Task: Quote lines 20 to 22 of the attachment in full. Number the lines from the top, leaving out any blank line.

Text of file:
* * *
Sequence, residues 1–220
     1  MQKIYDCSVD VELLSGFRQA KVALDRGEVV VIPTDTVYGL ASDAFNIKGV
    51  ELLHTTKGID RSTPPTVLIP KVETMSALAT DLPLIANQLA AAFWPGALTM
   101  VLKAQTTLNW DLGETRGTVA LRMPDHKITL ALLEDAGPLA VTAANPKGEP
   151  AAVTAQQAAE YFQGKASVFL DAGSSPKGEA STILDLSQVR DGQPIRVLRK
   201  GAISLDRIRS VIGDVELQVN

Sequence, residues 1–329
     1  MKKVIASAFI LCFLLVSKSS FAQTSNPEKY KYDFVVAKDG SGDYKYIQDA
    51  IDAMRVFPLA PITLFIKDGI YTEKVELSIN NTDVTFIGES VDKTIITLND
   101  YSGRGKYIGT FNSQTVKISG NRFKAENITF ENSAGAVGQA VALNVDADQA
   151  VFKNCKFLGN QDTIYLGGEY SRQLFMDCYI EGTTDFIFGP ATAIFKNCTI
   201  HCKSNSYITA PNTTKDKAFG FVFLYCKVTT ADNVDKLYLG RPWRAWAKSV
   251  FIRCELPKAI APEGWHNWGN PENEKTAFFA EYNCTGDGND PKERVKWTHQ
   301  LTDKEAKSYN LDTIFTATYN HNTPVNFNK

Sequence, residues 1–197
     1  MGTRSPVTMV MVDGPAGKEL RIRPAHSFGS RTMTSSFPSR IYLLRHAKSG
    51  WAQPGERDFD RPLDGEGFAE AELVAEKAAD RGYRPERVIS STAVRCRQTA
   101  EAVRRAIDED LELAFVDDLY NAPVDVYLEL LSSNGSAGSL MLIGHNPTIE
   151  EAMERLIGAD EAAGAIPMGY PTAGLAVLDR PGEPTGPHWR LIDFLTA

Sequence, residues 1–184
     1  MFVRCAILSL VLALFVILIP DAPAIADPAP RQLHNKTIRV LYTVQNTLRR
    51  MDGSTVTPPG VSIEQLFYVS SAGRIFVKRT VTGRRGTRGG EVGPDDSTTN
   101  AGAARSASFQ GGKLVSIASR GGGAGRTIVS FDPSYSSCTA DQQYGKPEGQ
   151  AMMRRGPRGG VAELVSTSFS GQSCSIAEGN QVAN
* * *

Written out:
Sequence, residues 1–184
     1  MFVRCAILSL VLALFVILIP DAPAIADPAP RQLHNKTIRV LYTVQNTLRR
    51  MDGSTVTPPG VSIEQLFYVS SAGRIFVKRT VTGRRGTRGG EVGPDDSTTN